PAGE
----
Born in Tokyo, Japan in 1965, Yukio Hasegawa is a Japanese Architect who did an amazing job in designing Sukau Rainforest Lodge’s renovation of phase-1 as well as our Gecko Lounge. He has also worked on the design of Phase-2 of the lodge’s new villas.
When he was only 15 years old, Yukio served in the Japanese military force (Ground Self-Defence Force) for six years. Being in the wild was part of his job when he served in the Japanese military and it was then that his interests for the outdoors came to life. After completing his service in the military force, he went to the United States to study Architecture at Oklahoma State University.
From roughing it out in the wilderness during his military service, Yukio found himself pursuing a different path in the concrete jungles of few of the world’s most iconic cities. He went on to work in several large architecture firms upon graduation, such as Helmuth Obata and Kassebaum (HOK) in San Francisco and after, Kohn Pedersen Fox Accociates (KPF) in New York. He later went back to his home country Japan and worked at Kajima Design, Tokyo.
“It was exciting to be part of a team of architects who focus on designing iconic high-rise buildings and airports. But I felt something important missing when I’m designing these buildings,” Yukio mentioned.
A significant change took over his career as an architect when he made a huge decision to move to Malaysia, the home country of his wife Darline who is a scientist and forest officer in Sabah. Yukio, Darline and their son Kensei are passionate about nature, which was one of their reasons for the move to a country with lush biodiversity.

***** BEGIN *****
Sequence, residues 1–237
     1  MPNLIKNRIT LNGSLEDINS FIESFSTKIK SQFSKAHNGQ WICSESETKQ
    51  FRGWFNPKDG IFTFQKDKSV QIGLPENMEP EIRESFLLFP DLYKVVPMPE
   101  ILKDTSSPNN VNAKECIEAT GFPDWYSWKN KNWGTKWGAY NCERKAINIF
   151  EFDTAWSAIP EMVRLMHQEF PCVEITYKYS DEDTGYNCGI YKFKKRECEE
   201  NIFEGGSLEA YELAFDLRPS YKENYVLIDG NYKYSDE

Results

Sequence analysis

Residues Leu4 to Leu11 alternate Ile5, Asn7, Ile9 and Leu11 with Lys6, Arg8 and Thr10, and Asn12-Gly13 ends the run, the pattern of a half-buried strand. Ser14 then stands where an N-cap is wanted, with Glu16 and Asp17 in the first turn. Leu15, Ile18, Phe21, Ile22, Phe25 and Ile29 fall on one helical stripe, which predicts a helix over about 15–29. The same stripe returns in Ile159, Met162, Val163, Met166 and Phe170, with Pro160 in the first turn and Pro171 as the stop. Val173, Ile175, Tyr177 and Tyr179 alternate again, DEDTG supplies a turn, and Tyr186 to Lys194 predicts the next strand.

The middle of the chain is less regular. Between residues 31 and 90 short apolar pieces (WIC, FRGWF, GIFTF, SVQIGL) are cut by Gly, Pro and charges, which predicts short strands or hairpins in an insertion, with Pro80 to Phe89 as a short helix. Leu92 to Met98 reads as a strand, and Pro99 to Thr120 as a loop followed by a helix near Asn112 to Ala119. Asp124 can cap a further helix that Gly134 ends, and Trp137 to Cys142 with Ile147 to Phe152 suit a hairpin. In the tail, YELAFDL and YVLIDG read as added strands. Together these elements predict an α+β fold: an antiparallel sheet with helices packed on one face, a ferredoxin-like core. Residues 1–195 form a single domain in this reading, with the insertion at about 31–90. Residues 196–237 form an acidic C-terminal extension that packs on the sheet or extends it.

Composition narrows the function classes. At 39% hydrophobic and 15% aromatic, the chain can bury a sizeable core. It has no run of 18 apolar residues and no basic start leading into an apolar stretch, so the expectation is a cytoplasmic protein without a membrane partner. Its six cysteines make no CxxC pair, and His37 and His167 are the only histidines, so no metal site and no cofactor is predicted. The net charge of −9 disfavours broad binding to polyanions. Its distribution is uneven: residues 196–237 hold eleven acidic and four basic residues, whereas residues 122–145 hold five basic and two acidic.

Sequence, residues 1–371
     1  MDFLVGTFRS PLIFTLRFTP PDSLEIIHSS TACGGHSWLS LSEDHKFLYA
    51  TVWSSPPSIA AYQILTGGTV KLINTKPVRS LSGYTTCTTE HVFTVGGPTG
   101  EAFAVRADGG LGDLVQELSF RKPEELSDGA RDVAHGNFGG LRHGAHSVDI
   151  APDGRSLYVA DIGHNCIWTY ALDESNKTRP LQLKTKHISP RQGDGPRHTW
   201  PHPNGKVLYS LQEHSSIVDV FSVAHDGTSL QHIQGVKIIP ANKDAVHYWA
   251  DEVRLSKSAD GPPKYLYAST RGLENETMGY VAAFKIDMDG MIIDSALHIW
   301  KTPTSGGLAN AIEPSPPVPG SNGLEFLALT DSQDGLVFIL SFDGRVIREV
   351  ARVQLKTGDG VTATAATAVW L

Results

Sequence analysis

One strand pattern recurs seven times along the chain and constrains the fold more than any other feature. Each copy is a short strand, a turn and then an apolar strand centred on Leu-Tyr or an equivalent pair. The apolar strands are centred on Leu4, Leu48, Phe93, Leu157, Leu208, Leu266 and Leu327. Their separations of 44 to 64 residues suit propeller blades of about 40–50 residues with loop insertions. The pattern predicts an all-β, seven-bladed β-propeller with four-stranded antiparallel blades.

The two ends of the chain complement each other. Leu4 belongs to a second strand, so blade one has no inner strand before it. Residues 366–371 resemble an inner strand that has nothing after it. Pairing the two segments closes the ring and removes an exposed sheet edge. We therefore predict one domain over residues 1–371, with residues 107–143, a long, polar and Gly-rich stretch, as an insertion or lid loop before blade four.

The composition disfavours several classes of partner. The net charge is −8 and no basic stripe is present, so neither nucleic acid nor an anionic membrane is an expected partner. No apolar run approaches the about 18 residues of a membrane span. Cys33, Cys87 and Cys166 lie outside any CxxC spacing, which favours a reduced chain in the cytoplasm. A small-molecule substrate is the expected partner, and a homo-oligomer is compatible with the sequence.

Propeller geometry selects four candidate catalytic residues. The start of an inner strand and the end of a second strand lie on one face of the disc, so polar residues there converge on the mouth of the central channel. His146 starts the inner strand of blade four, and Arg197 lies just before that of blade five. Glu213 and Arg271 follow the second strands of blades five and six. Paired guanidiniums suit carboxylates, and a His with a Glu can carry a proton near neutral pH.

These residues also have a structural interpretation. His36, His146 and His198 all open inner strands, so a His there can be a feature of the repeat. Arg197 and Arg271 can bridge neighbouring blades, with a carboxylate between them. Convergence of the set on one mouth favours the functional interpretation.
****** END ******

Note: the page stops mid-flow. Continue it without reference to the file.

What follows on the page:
Yukio’s move to Malaysia also ignited his interest in sustainable design. He opened his own practice in 2004 and expresses his love for nature and the rainforest through his sustainable architecture designs. Today, Yukio is enjoying two of his life’s passions; nature and architecture, which he incorporates with his deep rooted Japanese culture.
“In Japan, the concept we call “Ma”, is when time and space is combined together. Generally, people believe that time is always flowing universally. But in Japanese culture, I believe that time flows depending on the individual and place. If one is sensitive, he (she) can feel the flow of time differently. And you can see or feel something different when you become still and try to be sensitive towards your surroundings. In Japan we call is “Utsuroi”. I felt strongly that Sukau has its own time flow and I wanted to express that in the design. Hopefully, guests can feel it too when they stay at Sukau Rainforest Lodge.”
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